I am a late-night person. Right now, I am sitting here with my laptop, it is long past midnight, and I have been reading blogs during the last two hours. Even if I have been out with friends and come home rather late in the evening, I almost never get to bed immediately and instead enjoy some me-time … I simply do not feel like going to bed until I can hardly keep my eyes open. Moreover, it often happens that I feel another wave of energy and productivity coming over me late at night, and I do not at all have a problem to sit down with some nice scientific book or article to read, do some writing, or practice the piano at times when most other people are happy to have finished their regular daily business and prepare for a relaxed evening, or go to bed already. On the other hand, you cannot expect anything from me (except finding me sleeping, probably) early in the morning. To be honest, I like to sleep in. This does not mean I am lazy or sluggish, in fact, I am quite productive, everything I do is just a few hours time-displaced. In a nutshell, I am an owl.

According to chronobiology, every living being holds something like an inner body clock which has developed in all species during the course of evolution, due to living in an environment that is characterized by repeating natural cycles like night and day. In the human brain, the structure that is of central importance for the coordination of circadian rhythms is the suprachiasmatic nucleus, a tiny accumulation of neurons that is situated above the optic chiasm. It regulates countless body functions in cycles of about 24 hours by its neuronal and hormonal activities.

An interesting fact is that people are not exactly the same regarding their circadian rhythms. Rather, different people often tend to experience phases of activity and tiredness at different times during a day. There seem to be two extreme types of people in particular.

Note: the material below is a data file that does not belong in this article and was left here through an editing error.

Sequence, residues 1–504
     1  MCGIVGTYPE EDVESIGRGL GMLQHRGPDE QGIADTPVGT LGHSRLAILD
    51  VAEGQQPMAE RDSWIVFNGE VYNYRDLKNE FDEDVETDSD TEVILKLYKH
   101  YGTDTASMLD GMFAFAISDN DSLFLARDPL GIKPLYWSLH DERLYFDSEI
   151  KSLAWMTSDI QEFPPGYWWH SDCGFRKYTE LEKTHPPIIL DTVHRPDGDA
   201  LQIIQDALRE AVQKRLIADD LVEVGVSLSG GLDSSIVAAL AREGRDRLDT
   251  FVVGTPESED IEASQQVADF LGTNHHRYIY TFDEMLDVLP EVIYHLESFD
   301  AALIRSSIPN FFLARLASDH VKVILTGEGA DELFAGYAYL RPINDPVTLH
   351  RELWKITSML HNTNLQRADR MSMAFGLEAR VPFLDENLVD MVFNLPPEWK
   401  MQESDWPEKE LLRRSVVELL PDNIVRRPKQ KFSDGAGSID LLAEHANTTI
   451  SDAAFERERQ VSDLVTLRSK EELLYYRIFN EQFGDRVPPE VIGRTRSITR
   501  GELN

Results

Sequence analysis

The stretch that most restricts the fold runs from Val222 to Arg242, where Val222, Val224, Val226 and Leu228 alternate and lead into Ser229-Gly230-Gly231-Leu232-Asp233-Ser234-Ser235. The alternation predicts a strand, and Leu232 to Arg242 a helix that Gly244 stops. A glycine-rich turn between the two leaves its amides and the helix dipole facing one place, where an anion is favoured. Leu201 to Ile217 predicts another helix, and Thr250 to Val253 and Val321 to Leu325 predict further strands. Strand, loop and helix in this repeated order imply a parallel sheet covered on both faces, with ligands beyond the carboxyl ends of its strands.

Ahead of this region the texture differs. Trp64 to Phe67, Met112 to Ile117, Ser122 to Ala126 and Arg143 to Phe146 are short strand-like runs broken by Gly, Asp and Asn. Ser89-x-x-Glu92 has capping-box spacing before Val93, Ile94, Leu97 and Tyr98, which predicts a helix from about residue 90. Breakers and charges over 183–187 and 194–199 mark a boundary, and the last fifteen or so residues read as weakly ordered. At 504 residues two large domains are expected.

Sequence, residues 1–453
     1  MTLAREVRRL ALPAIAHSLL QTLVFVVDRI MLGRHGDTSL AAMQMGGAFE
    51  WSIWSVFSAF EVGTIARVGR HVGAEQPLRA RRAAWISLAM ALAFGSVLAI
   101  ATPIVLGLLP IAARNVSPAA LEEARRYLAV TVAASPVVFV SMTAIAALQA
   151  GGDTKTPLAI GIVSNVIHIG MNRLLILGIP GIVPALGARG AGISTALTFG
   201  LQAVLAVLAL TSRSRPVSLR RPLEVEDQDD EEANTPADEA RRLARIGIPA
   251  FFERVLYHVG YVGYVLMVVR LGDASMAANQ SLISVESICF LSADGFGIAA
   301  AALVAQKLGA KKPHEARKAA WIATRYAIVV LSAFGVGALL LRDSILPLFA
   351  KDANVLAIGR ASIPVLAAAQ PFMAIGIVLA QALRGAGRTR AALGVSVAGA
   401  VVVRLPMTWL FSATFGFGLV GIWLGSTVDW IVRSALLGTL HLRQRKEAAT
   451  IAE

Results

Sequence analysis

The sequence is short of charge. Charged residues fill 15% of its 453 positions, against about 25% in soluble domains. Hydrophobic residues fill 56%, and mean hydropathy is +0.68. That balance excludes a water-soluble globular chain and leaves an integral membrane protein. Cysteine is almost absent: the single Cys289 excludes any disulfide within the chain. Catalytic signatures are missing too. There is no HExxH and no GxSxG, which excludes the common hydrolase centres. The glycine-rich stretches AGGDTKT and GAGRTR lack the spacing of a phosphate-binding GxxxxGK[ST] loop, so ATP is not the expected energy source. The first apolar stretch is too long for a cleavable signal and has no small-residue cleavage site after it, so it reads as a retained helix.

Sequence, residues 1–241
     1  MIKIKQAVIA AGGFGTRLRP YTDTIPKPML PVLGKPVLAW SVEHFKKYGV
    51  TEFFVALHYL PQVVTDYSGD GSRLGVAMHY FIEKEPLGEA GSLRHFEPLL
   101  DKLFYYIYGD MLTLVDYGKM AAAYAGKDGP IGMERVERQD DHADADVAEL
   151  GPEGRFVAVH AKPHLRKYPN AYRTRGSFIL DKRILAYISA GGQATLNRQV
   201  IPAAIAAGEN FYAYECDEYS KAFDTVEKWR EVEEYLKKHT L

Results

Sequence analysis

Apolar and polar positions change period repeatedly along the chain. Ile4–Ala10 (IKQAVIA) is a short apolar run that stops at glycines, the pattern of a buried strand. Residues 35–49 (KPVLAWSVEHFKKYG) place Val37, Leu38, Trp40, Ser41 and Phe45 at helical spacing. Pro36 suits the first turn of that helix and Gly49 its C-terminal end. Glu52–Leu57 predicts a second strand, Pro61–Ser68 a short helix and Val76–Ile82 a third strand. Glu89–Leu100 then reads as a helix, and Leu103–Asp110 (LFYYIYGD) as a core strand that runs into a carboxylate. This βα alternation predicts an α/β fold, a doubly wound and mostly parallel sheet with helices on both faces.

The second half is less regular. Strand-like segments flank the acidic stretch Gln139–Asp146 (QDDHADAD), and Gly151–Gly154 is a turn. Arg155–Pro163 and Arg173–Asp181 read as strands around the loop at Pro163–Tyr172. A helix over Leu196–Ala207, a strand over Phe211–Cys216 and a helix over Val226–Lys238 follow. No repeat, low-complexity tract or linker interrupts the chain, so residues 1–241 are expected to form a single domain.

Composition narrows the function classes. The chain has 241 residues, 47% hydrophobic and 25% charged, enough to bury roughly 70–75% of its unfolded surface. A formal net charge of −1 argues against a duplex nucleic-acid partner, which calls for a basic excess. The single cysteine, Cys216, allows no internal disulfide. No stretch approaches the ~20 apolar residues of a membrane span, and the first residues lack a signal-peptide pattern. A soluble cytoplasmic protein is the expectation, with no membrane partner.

“Larks” wake up early and get tired early. Usually, they have their phases of productivity early in the morning and in the afternoon.
“Owls” like to sleep in and stay up until late at night. Their productive phases lie in the afternoon and later evening.

The majority of people hits a middle ground with only slight larkish or owlish tendencies and can adapt rather easily to earlier or later day rhythms. Still, around 30 % of all people are extreme representatives of either the lark or the owl type.

It is important to notice that biological rhythms are determined by genetical disposition and therefore cannot simply be changed by making the attempt to adapt to a certain standard. Furthermore, these biological conditions are relevant regarding working times, daily plans of medical treatment and lifestyle in general. Knowing your own disposition and living with it instead of against it can make your life easier and improve your health to a surprising extent.

Basically, there is nothing good or bad per se about being a lark or an owl, but unfortunately, society tends to put the larks into advantage because school or work usually start early in the morning, so the owls are still jetlagged then and will droop during the first hours of classes or work. High performance phases of owls usually start when the school or working day draws to a close. Moreover, sleeping in is often socially despised, and people who are owls often feel bad for it themselves. It should not be forgotten, though, that the owl is still going to be up and active for some more hours while the lark is already sleeping. So, while the early bird gets the worm, the owl gets the mouse.

If you like, you can take a little owl-or-lark-test here. And with this, my friends, I am leaving you for tonight. The little owl is going to bed now. I hope you all have a happy day (or night)! And I would love to know whether you are an owl or a lark, or something inbetween. Will you tell me?

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